2017 Salary – $574,000
2018 Estimate – $1,700,000
That’s quite a bump for a pitcher who threw only six innings in the minors last year. Hahn had surgery to repair his UCL sometime around early August with a timetable for his return estimated at around six months. If everything goes according to plan, he should be ready to go at the start of spring training.
The Royals don’t have the luxury to wait to later in the rehab process to see how things are going. But health has always been a concern and he’s coming off unproven surgery for his injury. Plus, the most innings he’s ever thrown in a season is 115, back in 2014. He seems a candidate for a non-tender where the Royals negotiate a smaller contract with some incentives he could reach if healthy.
2017 Salary – $1,375,000
2018 Estimate – $1,375,000
All even for Karns who, like Hahn, had his season entirely short-circuited by injury. He had thoracic outlet surgery in July off 2017 and, after making a few appearances early in spring training, missed all of last year with an elbow injury.
His stuff is tantalizing and his injury history is depressing. He’s another non-tender candidate who the Royals could bring back on a smaller deal as Karns needs to prove he’s healthy enough to get back on the field.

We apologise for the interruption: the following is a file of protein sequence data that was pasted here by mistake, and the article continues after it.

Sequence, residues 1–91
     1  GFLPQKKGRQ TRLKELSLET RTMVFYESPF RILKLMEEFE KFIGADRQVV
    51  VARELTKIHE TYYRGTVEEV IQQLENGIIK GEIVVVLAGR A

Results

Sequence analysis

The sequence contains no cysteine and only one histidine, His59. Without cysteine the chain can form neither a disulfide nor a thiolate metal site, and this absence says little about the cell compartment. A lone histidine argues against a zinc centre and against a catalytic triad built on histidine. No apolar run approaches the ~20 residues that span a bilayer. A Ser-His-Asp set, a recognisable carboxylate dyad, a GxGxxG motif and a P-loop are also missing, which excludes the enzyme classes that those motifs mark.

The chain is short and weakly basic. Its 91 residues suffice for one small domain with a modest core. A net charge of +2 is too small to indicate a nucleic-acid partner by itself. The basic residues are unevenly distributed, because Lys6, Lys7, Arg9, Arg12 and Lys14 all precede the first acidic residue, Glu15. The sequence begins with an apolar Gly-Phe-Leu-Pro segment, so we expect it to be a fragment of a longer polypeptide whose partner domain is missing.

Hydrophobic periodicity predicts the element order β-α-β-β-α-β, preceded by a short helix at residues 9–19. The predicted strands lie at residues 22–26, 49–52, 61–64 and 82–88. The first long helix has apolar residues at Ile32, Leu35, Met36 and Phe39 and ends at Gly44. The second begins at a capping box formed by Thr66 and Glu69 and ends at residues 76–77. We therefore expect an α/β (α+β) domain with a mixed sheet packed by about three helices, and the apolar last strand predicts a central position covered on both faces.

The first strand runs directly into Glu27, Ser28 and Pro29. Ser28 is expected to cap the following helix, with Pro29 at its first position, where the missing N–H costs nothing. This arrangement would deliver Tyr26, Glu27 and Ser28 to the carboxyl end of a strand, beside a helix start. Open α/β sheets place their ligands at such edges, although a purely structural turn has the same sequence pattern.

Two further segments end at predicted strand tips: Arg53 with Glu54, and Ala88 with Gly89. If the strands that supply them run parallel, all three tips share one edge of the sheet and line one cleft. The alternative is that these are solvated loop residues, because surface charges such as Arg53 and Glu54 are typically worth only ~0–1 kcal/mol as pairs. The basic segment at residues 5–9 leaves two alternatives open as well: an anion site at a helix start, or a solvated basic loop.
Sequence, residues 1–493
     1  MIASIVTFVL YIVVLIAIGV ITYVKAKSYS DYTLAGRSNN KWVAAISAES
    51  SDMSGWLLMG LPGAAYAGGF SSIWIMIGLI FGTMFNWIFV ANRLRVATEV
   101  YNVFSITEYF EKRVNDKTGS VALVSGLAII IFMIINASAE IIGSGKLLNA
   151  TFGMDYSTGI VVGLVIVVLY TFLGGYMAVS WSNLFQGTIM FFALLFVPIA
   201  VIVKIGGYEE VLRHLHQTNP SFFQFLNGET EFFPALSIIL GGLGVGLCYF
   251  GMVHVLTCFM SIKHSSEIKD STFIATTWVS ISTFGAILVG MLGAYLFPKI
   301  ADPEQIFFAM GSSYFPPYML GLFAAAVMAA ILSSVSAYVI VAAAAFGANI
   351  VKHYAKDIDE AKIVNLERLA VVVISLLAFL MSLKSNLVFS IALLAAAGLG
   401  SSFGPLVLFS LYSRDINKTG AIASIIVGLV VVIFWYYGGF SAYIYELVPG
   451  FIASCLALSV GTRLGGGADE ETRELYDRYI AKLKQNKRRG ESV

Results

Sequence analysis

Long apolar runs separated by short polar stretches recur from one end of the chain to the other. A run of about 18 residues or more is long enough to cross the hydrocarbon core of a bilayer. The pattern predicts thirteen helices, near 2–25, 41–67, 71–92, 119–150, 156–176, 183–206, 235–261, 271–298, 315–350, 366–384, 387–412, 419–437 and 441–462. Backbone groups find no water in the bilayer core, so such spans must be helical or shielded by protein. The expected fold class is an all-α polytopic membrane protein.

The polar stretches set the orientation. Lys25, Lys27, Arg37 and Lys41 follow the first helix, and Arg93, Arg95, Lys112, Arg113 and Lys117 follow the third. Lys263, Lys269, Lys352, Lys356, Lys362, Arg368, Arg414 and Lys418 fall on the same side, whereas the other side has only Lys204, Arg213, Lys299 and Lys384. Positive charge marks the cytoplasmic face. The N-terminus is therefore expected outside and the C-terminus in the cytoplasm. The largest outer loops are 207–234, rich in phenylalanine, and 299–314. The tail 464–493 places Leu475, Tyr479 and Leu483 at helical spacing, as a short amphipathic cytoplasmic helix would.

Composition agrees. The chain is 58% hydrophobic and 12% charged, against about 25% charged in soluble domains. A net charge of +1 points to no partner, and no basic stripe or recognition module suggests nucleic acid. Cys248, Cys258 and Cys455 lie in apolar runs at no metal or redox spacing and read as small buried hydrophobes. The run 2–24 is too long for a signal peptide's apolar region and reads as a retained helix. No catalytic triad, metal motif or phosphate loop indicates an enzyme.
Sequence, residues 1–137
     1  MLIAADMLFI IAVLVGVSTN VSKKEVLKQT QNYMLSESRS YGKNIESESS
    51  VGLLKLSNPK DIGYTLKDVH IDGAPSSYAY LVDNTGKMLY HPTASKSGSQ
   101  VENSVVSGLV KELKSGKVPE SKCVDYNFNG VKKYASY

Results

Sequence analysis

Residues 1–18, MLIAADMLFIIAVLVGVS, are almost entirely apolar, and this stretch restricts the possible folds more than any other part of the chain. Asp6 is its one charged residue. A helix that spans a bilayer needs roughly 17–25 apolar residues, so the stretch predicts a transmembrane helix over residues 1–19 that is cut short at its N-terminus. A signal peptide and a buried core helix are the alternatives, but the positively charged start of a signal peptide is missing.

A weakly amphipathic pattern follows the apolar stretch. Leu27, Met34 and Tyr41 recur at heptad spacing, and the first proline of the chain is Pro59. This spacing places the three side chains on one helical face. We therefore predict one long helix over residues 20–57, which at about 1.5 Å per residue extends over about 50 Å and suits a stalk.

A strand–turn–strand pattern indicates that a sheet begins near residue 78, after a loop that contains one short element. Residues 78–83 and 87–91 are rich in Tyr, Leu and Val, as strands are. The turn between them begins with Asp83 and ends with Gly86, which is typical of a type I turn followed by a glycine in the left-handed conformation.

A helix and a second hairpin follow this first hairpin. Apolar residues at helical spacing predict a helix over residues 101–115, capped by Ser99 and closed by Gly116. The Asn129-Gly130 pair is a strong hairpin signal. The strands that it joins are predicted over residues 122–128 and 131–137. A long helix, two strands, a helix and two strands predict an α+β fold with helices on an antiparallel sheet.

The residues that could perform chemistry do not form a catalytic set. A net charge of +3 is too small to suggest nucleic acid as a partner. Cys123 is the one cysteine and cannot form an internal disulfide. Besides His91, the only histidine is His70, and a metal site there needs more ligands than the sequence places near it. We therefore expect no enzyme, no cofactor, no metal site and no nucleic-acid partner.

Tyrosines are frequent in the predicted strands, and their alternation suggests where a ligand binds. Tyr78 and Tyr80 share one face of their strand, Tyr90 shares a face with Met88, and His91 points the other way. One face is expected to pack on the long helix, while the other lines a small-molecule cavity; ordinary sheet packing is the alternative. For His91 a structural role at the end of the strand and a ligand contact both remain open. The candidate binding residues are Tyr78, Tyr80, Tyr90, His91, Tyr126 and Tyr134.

2017 Salary – $573,500
2018 Estimate – $1,100,000
We won’t blame you if you forgot about Cuthbert. He’s missed time over the last couple of seasons with foot, wrist and back issues. And when he’s been in the lineup… Ugh. Let’s just be kind to the infirm and say .215/.278/.313 over the last couple of seasons (and .252/.303/.378 in 830 career plate appearances) doesn’t get the job done.
But the third base spot is up for grabs. Hunter Dozier didn’t play well enough to earn it for next year and there’s no one ready in the wings. The Royals could throw some money at Cuthbert and let him and Dozier battle it out. Plus, this estimate feels high given his injury history and lack of production. But when the estimate is already that low, we’re just quibbling over a couple thousand of dollars.
2017 Salary – $573,500
2018 Estimate – $1,000,000
Flynn is young, left-handed and has had decent success in the two seasons where he saw extended action out of the bullpen. At this price, he’s worth it to keep around for the bullpen depth. With a 5.6 K/9, a 4.2 BB/9 and 0.6 HR/9 last summer, he was the kind of reliever who you don’t necessarily want to give valuable innings to, but there’s still a place in a bullpen for someone like Flynn.
The guess here is the Royals will tender him a contract for 2019.
Assuming the Royals tender Flynn and exercise the option on Peralta, that would push the 2019 payroll to around $71 million for seven players. If we’re to believe the Royals are serious about bringing payroll down to under $90 million, that leaves at most $19 million for the remaining 18 players. It’s certainly doable, but that just sets up the offseason to be one of the most boring winters in recent memory.